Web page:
Veterans Push Feds To Recognize Marijuana As A Treatment

Janine Lutz in front of her Memorial Wall, which she built with photos of veterans who committed suicide. Families of the vets send photos to her through her Live To Tell foundation. CREDIT: Julio Ochoa/Health News Florida

 

The following story is from my WUSF Public Radio colleague Julio Ochoa.

Originally published on August 16, 2018 9:29 am

Charles Claybaker spent five tours in Afghanistan, kicking in doors and taking out terrorists. But an aircraft crash in 2010 left the Army Ranger with a crushed leg, hip and spine and a traumatic brain injury.

Army doctors loaded him up with a dozen prescriptions to numb the pain and keep his PTSD in check.

But on the pills, Claybaker went from a highly-trained fighting machine to a zombie for at least two hours a day.

“I mean, I’m talking mouth open, staring into space,” Claybaker said.

Claybaker decided he would rather live in constant pain. He took himself off opioids and endured the discomfort for eight months.

Then, after retiring and moving back to St. Petersburg, he discovered marijuana – and it changed his life.

“I can just take a couple of puffs sometimes. It just depends on the day and what’s going on or how bad it is,” Claybaker said.

Marijuana instantly relieved his pain and helped with his anxiety. Claybaker says marijuana also helped him focus and he finally started feeling more like himself.

“I was a 2013 gold medalist at the Warrior Games in archery, I graduated summa cum laude from Eckerd College, I started my own charity. I adopted my 14-year-old brother who is now on a full-ride scholarship to Oregon State,” he said. “I understand that marijuana has some ills, but for me personally, it absolutely helped me do all those things.”

In order to get the drug, though, he had to break the law. Even with medicinal marijuana legal in Florida, the federal government says it’s a crime. Claybaker and other soldiers can’t get a prescription from the VA and their insurance won’t cover it. The out-of-pocket costs to buy a month’s supply from a dispensary can be upwards of $500.

Claybaker was featured in a 20-page report by the Sarasota Herald-Tribune about veterans who want the government to reclassify marijuana to reflect its medical value. The vets are using the drug to treat conditions ranging from pain to PTSD.

Reclassifying marijuana from a schedule 1 drug – which has no medical value – would open doors to research and treatment at the VA.

Janine Lutz, who was also featured in the Herald-Tribune’s report, joined the effort after her son committed suicide in 2013.

“The drugs killed my son,” Lutz said.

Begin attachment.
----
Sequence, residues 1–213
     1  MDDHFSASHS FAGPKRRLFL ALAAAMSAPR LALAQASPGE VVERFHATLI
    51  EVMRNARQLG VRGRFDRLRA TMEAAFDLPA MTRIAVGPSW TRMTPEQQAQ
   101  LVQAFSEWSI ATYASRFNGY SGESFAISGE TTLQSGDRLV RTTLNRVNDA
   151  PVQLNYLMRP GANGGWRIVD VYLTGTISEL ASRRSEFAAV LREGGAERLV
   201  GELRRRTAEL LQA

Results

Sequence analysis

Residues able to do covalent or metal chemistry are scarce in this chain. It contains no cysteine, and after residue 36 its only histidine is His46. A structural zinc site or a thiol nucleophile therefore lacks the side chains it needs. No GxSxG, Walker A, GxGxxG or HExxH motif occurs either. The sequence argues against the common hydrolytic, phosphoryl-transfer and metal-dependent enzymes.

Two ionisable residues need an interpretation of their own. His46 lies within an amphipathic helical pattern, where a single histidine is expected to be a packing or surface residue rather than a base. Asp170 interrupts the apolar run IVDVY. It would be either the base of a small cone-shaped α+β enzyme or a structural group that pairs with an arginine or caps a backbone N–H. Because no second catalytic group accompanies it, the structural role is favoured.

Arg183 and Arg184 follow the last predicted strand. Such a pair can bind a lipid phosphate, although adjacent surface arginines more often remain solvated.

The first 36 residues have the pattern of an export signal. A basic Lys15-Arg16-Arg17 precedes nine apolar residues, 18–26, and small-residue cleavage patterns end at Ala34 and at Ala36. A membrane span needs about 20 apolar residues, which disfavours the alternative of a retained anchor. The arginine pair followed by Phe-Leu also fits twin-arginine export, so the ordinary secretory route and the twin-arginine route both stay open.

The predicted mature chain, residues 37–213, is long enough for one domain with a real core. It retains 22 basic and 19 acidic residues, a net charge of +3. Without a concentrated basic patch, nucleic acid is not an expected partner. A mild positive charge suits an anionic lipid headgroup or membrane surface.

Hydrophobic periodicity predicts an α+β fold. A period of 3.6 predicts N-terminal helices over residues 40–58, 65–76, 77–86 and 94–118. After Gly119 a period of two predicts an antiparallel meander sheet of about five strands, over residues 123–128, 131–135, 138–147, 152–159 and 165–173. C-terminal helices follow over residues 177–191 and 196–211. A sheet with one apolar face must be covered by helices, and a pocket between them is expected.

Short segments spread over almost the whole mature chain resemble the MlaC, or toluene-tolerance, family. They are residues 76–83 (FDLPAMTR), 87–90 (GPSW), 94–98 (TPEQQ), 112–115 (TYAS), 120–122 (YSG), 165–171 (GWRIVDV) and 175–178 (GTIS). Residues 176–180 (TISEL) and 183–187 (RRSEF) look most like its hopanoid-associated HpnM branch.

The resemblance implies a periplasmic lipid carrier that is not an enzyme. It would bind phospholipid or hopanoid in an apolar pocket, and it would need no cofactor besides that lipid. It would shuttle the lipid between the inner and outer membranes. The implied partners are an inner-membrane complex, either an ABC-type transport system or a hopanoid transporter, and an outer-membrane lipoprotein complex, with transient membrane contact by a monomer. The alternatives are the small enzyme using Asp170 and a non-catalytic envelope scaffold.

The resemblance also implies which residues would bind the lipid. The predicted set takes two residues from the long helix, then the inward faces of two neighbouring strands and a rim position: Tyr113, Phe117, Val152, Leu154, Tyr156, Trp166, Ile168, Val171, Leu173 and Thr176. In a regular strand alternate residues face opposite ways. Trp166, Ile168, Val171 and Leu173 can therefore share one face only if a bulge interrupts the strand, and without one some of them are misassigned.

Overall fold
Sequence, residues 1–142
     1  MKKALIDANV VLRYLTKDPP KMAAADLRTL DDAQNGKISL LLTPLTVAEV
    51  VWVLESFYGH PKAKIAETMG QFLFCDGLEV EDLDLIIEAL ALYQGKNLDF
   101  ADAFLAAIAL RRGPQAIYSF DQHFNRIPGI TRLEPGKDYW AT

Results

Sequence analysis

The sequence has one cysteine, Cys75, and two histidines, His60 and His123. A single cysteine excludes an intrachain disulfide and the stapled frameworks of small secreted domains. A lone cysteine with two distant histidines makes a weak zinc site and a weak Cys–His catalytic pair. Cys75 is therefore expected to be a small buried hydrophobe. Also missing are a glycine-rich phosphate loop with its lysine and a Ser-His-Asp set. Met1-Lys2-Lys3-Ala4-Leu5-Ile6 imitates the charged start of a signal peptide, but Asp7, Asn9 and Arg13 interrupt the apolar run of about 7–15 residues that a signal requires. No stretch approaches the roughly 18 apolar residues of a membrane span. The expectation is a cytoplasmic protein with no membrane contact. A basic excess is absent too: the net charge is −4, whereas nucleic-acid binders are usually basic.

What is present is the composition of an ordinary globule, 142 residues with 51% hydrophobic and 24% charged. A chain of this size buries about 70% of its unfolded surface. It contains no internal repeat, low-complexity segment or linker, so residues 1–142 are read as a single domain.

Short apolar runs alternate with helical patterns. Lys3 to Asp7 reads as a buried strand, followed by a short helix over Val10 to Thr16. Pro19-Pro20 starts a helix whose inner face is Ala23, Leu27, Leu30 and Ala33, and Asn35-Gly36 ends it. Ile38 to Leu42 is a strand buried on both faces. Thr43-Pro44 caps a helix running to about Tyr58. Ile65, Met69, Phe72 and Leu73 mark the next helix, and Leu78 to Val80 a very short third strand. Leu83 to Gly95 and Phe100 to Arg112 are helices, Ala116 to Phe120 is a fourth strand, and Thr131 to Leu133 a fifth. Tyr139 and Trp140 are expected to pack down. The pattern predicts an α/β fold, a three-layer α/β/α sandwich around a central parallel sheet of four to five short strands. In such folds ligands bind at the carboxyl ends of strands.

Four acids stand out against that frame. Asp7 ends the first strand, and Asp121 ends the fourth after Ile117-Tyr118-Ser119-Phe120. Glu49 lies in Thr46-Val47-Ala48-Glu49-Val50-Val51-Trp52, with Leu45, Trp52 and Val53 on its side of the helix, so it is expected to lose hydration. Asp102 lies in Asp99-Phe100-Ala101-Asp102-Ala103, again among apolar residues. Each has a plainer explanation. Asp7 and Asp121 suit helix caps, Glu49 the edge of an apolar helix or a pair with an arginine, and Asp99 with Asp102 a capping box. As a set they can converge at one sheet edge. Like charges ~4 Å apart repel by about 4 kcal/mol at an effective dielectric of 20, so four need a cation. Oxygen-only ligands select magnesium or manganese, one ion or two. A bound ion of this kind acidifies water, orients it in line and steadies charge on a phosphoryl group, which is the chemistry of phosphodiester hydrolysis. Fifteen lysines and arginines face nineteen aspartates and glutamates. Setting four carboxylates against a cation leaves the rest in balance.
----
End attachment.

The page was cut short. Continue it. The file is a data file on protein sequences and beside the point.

Janos (John) V. Lutz was a Lance Corporal in the Marine Corps who served two tours in Iraq and Afghanistan.

He returned home to Davie in 2011 with injuries to his knee and back and a severe case of PTSD.

Doctors at the VA prescribed an anti-anxiety medication, despite a note in his records that it had led to a previous suicide attempt. His mom says he was dead within a week.

“I would call that a pharmaceutically-induced suicide,” Janine Lutz said. “And I actually sued the VA for that and I won my case.”

Lutz received $250,000 in a settlement with the VA.

Today Lutz runs the Live To Tell Foundation, which supports military veterans. Families of vets who committed suicide send her their photos, which she laminates and links to her traveling Memorial Wall.

Her “Buddy Up” events bring veterans together so they can form bonds and look out for one another.

It was at those events that she learned how many veterans self-medicate with marijuana. With about 20 veterans committing suicide every day in the United States, Lutz says the government needs to act.

“Stop playing games with the lives of America’s sons and daughters and if they want cannabis, give it to them and stop giving them these psychotropic dangerous drugs that are destroying their bodies and their minds,” Lutz said.

The American Legion polled its 2 million members – war veterans – and found that 92 percent favored marijuana research. In addition, 22 percent reported using marijuana for medical reasons.

The group has since joined in the effort to push Congress to reclassify marijuana from a Schedule 1 drug.

So far, that request has gone nowhere.

At a recent stop in Orlando, new VA Secretary Robert Wilkie said he has got to follow the rules.

“I’m not a doctor, never played one on television. I’m not a scientist,” Wilkie said. “I will follow the federal law. And the federal law is very clear.”

Charles Claybaker says he and other soldiers deserve better. Claybaker started speaking out after a good friend and fellow ranger committed suicide.

“I think that the government owes it to the veteran to provide the most beneficial treatments for their injuries,” he said.

Marijuana, he said, helps him get through the dark times. He thinks it can help others too.

The radio version of this story is available here.

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